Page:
• September: DP World’s Rotterdam World Gateway (RWG), same area, fully automated and remotely controlled too: all 14 quay cranes, i.e. including the three barge gantries
  • December: Liverpool2 Container Terminal, semi-automated yard with initially five conventionally operated ship-to-shore gantries
Automation, the holy grail
Full quay crane automation is seen as the only way to achieve 6,000 quay-side moves per 24 hours. Unlike the traditional human crane-driver, a robot crane doesn’t suffer from back or neck stress, fatigue or fading concentration and can easily withstand the required faster acceleration and braking.
Both APM Terminal II and RWG Rotterdam expect an ultimate production of 6,000 moves per day working the ULCS with 6 automated quay cranes, once their almost excessive degree of automation has been fine tuned, which may take a while…
Gate pressures
6,000 moves per 24 hours: the vast majority of all the corresponding around 11,000 TEU have to be delivered to the consignee, or to be taken to the terminal by the shipper. Superior connecting infrastructure will be key. Apart from expanding yard space and equipment, it will be required to start the delivery of inbound boxes while the vessel is discharging. A fast quay crane production puts tremendous pressure on the terminal’s storage capacity.
Existing 2014 North Europe Container Terminal capacity (of ports handling Far East and North America shipping services)
Parameters
Surface
Quay
Berths
Reefer
StS
CapacityThroughput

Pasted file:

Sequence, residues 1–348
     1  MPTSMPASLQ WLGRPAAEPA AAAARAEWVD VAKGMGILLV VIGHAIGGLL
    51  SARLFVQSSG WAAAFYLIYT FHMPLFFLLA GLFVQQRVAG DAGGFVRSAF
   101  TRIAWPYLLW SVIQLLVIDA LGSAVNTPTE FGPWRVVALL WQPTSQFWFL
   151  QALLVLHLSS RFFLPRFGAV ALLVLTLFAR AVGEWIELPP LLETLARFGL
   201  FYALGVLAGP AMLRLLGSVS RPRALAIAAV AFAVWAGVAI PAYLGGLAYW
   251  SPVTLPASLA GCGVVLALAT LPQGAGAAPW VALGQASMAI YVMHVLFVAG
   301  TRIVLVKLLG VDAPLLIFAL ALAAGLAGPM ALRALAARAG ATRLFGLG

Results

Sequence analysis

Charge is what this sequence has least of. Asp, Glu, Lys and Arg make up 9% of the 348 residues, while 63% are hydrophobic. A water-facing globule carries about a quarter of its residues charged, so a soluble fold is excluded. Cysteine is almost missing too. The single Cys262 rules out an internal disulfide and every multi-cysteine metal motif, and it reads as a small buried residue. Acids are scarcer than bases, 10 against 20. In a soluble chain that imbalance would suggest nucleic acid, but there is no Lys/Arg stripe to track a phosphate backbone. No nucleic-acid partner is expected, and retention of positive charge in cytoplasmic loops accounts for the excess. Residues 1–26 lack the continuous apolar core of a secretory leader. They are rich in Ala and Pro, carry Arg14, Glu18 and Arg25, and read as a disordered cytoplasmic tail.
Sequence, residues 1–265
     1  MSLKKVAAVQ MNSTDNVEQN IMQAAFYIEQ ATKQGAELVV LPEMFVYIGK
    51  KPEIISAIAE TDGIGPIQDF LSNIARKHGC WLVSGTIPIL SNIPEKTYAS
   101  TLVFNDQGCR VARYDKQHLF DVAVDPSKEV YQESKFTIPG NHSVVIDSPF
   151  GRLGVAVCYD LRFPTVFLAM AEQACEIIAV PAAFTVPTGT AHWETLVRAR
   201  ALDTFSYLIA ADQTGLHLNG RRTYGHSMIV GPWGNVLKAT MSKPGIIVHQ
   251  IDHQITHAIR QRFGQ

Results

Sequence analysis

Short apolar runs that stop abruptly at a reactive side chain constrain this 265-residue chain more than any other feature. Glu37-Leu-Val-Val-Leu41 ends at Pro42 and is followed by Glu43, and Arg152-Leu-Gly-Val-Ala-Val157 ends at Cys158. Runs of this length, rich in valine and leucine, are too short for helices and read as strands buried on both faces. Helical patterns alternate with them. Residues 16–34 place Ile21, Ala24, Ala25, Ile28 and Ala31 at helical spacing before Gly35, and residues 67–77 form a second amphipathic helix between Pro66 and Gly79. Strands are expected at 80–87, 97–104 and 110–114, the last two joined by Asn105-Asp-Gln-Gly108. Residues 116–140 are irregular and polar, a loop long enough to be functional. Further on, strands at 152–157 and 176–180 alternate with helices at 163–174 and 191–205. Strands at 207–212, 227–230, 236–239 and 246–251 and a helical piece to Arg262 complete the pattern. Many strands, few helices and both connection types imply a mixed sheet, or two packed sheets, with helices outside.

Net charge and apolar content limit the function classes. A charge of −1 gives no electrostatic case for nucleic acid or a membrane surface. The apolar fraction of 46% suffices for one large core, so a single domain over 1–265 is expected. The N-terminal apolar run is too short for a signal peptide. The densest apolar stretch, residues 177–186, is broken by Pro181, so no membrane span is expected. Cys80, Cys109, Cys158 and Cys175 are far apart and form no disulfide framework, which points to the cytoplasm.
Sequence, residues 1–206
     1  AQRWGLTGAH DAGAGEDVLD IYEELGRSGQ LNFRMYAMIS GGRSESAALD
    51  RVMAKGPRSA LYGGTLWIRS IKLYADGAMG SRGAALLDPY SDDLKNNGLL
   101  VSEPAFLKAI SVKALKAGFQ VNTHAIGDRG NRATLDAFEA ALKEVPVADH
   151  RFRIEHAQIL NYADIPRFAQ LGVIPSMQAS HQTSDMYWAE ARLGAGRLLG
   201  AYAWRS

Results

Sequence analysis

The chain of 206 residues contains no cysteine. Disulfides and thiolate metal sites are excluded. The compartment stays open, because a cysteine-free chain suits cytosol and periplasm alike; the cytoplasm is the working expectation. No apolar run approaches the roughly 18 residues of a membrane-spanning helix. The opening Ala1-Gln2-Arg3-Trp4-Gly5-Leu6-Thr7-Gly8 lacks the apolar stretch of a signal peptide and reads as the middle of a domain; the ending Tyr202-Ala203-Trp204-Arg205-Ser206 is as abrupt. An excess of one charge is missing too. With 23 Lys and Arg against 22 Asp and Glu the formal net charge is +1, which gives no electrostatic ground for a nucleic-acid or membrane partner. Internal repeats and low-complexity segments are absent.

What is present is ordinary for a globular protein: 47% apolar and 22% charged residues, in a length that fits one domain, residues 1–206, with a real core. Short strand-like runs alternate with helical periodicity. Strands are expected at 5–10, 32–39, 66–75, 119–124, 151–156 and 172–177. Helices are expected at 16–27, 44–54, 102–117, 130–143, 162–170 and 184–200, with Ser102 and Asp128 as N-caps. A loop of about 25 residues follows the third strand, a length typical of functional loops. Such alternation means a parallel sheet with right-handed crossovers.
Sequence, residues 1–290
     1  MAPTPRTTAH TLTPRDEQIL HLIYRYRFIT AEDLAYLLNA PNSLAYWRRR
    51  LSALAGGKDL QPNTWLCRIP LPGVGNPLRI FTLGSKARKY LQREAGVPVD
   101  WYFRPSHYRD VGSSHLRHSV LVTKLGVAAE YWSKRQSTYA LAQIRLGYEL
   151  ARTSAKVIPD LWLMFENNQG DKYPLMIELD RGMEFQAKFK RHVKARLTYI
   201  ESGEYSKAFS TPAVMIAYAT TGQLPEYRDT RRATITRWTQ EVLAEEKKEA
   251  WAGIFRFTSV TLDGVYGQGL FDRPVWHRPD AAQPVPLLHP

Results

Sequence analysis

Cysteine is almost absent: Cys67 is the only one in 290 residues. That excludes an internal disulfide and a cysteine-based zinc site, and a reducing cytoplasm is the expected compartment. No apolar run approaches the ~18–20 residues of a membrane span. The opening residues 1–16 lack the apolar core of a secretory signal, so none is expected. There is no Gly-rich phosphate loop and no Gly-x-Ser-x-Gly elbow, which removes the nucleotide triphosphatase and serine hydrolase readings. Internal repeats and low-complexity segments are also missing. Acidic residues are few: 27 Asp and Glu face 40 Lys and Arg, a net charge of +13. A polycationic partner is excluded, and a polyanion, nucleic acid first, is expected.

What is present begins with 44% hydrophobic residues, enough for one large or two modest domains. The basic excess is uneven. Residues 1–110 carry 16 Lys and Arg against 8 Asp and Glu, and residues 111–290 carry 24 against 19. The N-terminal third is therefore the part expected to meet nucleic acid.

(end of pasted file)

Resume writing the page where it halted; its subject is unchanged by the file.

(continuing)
Units
ha
meters
no.
points
MHC
Gantries
2014(Port) 2014
Baltic/Scandinavia
185.7
3,807
19
1,985
1
24
3.92,465,000
UK/Eire
467
9,016
27
5,525
0
74
11.87,071,000
Europe North West
2,631
50,509
170
32,006
19
362
6841,743,000
Europe Atlantic
52
2,202
9
618
1
15
21,748,000
Grand total
TEU *1 million
3,336
65,534
225
40,134
21
475
85.653,027,000
(Source: “CONTAINER VOLUMES & TERMINAL CAPACITY in North Europe II”, published by Dynamar B.V.)
Note: a free contents overview of “CONTAINER VOLUMES & TERMINAL CAPACITY in North Europe II”, including more on the above issues can be downloaded at www.dynamar.com/publications/140
About Dynamar:
Since 1981, Dynamar B.V. of Alkmaar, the Netherlands, has provided Transport and Shipping Information and Consultancy services for the Marine, Energy and Financial sectors. Dynamar today is world's leading container sector credit risk analyst, a major provider of analytical container shipping news and commentary, and a regular supplier of bespoke liner shipping consultancy services.
Dynamar B.V., P.O. Box 440, 1800 AK ALKMAAR, The Netherlands
Phone +31 72 514 7400 - fax +31 72 515 1397 - email info@dynamar.com - Web www.dynamar.com
By Dirk Visser, Senior Shipping Consultant, Managing Editor DynaLiners, November 27 2015

 http://www.portfinanceinternational.com/features/item/2394-container-volumes-and-terminal-capacity-in-north-europe-ii